unfortunately i see a bleak future for lebanon...hizballah is a cancer and it will kill lebanese society if it persists in its futile actions! and whilst this all happens assad is going to be safe at home....

    April 15, 2010

  • Michael Dar

    Lebanon pays the price for having let Hisbollah, which is the proxy of foreign (dark) forces develop into a "state into the state". Hisbollah is no part of the Lebanese army..but an extra-state army which holds Lebanon hostage....

    April 14, 2010

  • Jacob

    Syria, like most Muslim countries is not a democracy. When indeed Assad´s father crossed the RED LINE,Israel conquered the Golan heights. From there there were limitless attacks on to the kibutzim in Galil and the lake of Galilee. The area is silnt from that time (interrupted on in 1973).Syria´s rulers are not Sunnis, but Alawites, a gsmall minority in Syria. Afez did not hesitate to kill 10 thousands in th city of Hama, a forgotten genocid! As Syria dares not to act directly they us or misuse Lebanon by supporting Hezbollah. They take hostage a whole country. And most Lebanes cotow before the hiding stron man Nasrallah who is fighting to the last Lebanese. The key word "restistance" is an euphemisme for avoiding progress in the pretext of fighting against the Zionists. Your Lebanese memory should tell you what it means if Hezbollah would start a war (of attrition?) . This war destroyed areas in Israel too, killed people, of course. But Israel recovered and some Lebanese cities, towns

    April 14, 2010

  • Bob

    Hi Lak, I agree that Lebanon is united: United under the barrel of Hezbollah's guns. Hezbollah isn't part of the Army, and if a war with Israel broke out, i don't think many refugees from the South will be accepted as they were last time, so I totally disagree with your assessment. It just amuses me to see how as Lebanese we accept the fact that Syria wants Lebanon to remain a war zone, yet since 1973 not a single bullet has been fired between the Syrian-Israeli border. While we get perpetual war, Syria gets perpetual peace. Thank you Hezbollah!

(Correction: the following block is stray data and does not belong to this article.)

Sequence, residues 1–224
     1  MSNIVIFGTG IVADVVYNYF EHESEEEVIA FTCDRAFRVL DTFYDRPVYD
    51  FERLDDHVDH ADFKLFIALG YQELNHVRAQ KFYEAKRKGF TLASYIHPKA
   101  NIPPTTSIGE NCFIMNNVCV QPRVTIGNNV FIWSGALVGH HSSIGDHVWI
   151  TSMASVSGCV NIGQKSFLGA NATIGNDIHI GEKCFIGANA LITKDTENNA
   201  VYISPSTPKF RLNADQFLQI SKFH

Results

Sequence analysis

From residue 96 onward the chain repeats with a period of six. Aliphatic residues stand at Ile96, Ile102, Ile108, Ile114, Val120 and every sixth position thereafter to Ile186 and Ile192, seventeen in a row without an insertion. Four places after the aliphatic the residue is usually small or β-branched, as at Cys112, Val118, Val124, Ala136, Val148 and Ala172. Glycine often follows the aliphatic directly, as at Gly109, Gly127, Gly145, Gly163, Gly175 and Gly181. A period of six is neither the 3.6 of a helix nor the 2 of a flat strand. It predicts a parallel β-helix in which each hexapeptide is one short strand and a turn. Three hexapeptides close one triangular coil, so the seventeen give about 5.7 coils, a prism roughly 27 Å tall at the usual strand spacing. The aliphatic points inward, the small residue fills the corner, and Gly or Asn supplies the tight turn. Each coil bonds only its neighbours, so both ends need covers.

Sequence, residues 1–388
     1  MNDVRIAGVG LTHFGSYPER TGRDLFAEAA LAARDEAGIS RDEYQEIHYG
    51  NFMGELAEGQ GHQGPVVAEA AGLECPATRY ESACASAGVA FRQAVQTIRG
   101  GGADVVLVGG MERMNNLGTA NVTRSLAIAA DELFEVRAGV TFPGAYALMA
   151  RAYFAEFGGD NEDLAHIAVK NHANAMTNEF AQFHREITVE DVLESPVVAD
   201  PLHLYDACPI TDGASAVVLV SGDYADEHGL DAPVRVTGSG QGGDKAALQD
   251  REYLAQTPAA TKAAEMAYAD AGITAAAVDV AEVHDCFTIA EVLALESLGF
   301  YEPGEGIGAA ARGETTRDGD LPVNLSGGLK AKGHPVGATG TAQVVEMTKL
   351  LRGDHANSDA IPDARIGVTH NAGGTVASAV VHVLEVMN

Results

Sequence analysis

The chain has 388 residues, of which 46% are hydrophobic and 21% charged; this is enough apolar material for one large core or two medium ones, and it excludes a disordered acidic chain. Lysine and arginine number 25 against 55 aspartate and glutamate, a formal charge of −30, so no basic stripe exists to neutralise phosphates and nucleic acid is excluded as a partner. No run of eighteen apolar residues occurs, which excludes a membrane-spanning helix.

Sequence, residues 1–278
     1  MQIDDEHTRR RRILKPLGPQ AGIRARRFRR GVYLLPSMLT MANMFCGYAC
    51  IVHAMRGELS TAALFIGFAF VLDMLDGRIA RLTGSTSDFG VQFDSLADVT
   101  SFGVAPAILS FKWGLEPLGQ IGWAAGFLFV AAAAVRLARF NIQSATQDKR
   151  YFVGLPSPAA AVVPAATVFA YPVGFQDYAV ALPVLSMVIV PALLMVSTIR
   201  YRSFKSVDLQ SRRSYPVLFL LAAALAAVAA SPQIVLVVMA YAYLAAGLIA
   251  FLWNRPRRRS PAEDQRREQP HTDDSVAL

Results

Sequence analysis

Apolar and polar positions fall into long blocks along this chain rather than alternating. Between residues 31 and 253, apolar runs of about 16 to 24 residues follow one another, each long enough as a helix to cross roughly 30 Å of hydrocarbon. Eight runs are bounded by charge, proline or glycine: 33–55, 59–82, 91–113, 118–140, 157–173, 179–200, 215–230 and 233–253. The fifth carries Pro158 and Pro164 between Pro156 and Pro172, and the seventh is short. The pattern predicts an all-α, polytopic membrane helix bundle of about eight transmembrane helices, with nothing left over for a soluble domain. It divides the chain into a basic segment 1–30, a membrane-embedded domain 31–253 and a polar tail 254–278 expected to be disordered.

April 14, 2010

  • sam

    not quite Lak-17a. i disagree that 'lebanon is a lot more unified than when israel bombed the whole country back in 2006'. it isn't and people are waiting to show that the next time anything like this happens, they will be less forgiving and accommodating than before

    April 14, 2010

  • Hassan

    And you seem to have misunderstood the Lebanese heartbreaking story. Yes, you may be right about the fact the Hezbollah is now in the government. But, it is fact the most Lebanese do not agree on Hezbollah being in the government nor to be a part of the army. It was agreed on to avoid an internal depressing and miserable conflict for now. There should be only one army for any country. However, I agree with you, many Lebanese are unified now; unified against Hezbollah.

    April 14, 2010

  • Lak-17a

    Tony, You seem to have missed what is going on in Lebanon. Hizbollah is now part of the Lebanese government and Hizbollah forces in the south are considered to be part of the Lebanese Army. Lebanon is a lot more unified than when Israel bombed the whole country back in 2006. Oh, and hey, Tony, where was the Foundation for the Defense of Democracies when Israel was creating 750,000 Lebanese refugees? ...

    April 13, 2010